Learning a foreign language is a time-consuming undertaking with a high chance of eventual failure. That is why developing a realistic plan is one of the most crucial things to do, especially for people who want to self-study.

In today’s busy world free time is a luxury. Work, errands, household chores are our priority. And because it is also important to rest and relax (at least occasionally), other activities usually get pushed into the background. The bad news is – you won’t learn a new language without forming a habit of regular study, which is not simple. The good news is – with a good plan, it is perfectly doable.

A good plan is a realistic plan. It must be, first and foremost, feasible. Look over your schedule and see when you have time to fit in your language “lessons”. Don’t aim to study for even 10 minutes a day if you have trouble squeezing in a lunch break on Wednesdays and Fridays. Sure, you may do just fine for a few weeks (we are always wildly enthusiastic at the beginning), but in the long run this won’t work. It is better to spend a few minutes practicing your language skills every other day or three times a week than desperately trying to do it on a daily basis.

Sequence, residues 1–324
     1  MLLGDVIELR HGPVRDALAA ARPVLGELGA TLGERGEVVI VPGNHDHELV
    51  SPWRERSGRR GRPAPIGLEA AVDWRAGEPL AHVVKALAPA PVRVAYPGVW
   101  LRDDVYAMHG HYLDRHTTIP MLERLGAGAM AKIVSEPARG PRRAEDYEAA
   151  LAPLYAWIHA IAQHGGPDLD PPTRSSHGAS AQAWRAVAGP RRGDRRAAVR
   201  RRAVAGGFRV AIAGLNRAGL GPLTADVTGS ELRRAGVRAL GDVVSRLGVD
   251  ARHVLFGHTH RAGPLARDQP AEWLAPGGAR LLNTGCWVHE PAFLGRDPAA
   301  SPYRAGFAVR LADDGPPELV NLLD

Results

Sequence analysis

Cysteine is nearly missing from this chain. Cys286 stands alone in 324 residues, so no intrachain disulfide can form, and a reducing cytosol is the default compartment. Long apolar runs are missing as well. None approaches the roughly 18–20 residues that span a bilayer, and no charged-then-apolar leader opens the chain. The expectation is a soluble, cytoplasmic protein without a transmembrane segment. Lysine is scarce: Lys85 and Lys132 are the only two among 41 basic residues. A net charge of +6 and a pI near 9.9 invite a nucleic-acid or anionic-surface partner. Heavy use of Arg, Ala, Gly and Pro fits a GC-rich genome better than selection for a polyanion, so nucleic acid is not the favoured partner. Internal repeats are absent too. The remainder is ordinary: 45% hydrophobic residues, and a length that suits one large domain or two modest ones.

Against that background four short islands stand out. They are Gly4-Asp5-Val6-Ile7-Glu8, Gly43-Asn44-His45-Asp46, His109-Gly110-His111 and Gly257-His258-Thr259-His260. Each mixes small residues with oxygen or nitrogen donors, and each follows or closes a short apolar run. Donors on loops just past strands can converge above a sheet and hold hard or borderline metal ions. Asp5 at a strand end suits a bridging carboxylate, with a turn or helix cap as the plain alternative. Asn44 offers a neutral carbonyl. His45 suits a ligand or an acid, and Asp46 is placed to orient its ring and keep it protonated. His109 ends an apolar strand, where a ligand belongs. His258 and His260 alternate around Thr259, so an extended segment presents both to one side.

Now, when you make sure your plan is within the bounds of possibility, stick to it. Be consistent! Don’t make excuses for skipping your learning sessions. Don’t tell yourself: “Ok, this week I can take a complete break and forget all about learning or revising.” You can’t take a break if you want to be successful. Because one break leads to another, and soon you will decide to give up altogether.

Remember, everything is easier when you have a plan. So create one and then make sure it will be executed.


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